Property rights have long been a part of America’s political heritage. Indeed, the Founding Fathers wrote extensively on the importance of protecting property rights. But property rights are under attack in America today. Part of the reason for the success of these attacks is imprecise or fuzzy thinking. Even many advocates of property rights are unable to clearly define the concept, and thus, they are unable to provide a consistent and principled defense. In this course, we will examine the principles that underlie property rights, as well as the principles underlying attacks on property rights. Only by understanding these principles can we clearly defend property rights and refute the claims of their enemies. Who is the target audience? Business owners harmed by regulations Property owners restricted by land-use regulations Organizations involved in defending property rights.
In this lecture Randy E. Barnett speaks on the topic of his latest book, “Our Republican Constitution: Securing the Liberty and Sovereignty of We the People”: The Constitution of the United States begins with the words: “We the People.” But from the earliest days of the American republic, there have been two competing notions of “the People,” which lead to two very different versions of the Constitution. Those who view “We the People” collectively think popular sovereignty resides in the people as a group, which leads them to favor a “democratic” constitution that allows the “will of the people” to be expressed by majority rule. In contrast, those who think popular sovereignty resides in the people as individuals contend that a “republican” constitution is needed to secure the pre-existing inalienable rights of “We the People,” each and every one, against abuses by the majority.
The lecture “Why Marxism?”, is an examination of why so many people are still attracted to Marxism despite the history of totalitarianism and genocide. Professor C. Bradley Thompson is the BB&T Research Professor at Clemson University and the Executive Director of the Clemson Institute for the Study of Capitalism. He has also been a visiting fellow at Princeton and Harvard universities and at the University of London.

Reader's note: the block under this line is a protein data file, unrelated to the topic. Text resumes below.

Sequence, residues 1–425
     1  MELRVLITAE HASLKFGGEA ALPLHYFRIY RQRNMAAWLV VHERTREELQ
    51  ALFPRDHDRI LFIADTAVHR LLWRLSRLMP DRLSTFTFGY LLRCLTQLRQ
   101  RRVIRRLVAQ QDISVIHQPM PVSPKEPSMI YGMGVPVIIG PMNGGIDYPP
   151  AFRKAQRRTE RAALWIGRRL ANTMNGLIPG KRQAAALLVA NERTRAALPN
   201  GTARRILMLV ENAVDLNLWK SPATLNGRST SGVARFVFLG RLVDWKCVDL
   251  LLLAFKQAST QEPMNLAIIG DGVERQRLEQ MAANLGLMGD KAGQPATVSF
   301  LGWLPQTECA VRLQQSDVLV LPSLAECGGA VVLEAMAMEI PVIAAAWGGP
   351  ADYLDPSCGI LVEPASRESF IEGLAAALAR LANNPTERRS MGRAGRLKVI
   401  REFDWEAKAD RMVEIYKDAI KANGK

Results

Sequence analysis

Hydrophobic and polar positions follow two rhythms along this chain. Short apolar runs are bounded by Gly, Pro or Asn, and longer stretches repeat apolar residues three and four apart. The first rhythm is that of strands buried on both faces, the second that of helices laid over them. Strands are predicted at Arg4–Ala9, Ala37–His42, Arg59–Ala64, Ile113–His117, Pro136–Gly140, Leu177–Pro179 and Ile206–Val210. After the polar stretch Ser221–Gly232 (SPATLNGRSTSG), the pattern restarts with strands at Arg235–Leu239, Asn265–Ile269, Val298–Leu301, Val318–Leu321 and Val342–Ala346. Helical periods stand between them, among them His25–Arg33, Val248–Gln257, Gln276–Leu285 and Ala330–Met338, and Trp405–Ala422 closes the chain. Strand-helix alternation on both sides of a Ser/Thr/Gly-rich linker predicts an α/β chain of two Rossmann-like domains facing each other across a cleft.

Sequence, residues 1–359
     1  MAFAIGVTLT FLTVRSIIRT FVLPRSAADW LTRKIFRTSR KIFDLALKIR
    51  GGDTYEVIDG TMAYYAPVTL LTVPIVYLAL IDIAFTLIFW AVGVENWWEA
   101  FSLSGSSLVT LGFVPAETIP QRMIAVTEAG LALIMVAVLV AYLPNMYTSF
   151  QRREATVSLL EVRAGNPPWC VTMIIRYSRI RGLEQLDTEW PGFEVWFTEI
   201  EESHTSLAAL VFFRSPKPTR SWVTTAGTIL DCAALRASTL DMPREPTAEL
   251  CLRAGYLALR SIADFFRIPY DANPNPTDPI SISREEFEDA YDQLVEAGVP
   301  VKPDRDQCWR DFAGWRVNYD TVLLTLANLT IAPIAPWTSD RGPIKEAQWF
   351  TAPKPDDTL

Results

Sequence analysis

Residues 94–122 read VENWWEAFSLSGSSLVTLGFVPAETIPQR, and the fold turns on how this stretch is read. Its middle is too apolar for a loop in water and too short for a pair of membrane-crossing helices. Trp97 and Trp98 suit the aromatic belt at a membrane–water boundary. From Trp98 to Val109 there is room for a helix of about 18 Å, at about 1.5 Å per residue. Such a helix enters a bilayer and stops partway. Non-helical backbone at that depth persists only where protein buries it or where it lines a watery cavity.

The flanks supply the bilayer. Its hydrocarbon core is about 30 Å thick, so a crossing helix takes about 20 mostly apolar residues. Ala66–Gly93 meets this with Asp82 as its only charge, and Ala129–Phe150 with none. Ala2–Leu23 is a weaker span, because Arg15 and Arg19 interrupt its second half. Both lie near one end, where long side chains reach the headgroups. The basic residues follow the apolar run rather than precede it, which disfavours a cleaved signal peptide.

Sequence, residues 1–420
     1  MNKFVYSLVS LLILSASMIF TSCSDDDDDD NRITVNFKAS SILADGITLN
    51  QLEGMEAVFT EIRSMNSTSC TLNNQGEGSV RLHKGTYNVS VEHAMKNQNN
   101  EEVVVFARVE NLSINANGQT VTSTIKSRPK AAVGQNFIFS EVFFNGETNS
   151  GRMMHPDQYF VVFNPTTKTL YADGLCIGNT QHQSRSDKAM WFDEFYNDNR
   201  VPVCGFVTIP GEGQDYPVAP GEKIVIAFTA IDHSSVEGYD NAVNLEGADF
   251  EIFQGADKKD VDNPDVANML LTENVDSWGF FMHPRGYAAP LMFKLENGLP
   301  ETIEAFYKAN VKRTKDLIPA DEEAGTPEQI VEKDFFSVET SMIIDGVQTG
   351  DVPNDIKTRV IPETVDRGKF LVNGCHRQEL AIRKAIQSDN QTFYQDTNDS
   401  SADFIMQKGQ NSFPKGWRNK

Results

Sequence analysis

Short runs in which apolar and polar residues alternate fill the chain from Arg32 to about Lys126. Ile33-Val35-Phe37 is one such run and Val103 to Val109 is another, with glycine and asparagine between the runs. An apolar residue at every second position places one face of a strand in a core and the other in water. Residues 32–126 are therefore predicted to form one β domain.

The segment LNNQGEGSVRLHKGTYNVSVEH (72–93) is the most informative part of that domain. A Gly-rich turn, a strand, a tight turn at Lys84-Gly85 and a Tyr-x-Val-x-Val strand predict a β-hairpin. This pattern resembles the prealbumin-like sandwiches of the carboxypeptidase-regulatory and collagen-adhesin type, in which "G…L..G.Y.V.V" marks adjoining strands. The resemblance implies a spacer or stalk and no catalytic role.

“[H]alf of that greening comes from carbon dioxide itself. In other words, the fact that we’re putting more carbon dioxide into the air means there’s more fuel to grow plants and when a plant has more carbon dioxide in yet doesn’t have to open its pores so much so it doesn’t lose so much water in absorbing the carbon dioxide that it needs to grow and so there’s tons of experiments now showing that plants grow faster if there’s more carbon dioxide in the air; roughly speaking on average for a 200 parts per million increase in carbon dioxide in the air you get a 30% improvement in plant growth. That’s experiments both in the field and in the laboratory. So it’s really quite a remarkable phenomenon here because of the burning of fossil fuels we’re making the planet greener. It’s an astonishing discovery I think. I think it’s rather amazing and of course it’s an incredibly unwelcome discovery for the environmental movement. They don’t want to hear this at all and how is it possible…” – Matt Ridley
Energy philosopher Alex Epstein, author of The Moral Case for Fossil Fuels, challenges conventional wisdom about the fossil fuel industry and argues that if we look carefully at the positives and negatives of all our energy alternatives, we have a moral obligation to use more fossil fuels, not less.
Alexander Hamilton’s Legacy Richard Brookhiser talked about the life and legacy of Founding Father Alexander Hamilton. Mr. Brookhiser argued that Hamilton’s economic achievements, including his support for building domestic factories and debt reconciliation, were key components to making the fledgling American democracy self-sufficient and prosperous.
Are the police racist? Do they disproportionately shoot African-Americans? Are incidents in places like Ferguson and Baltimore evidence of systemic discrimination? Heather Mac Donald, a scholar at the Manhattan Institute, explains.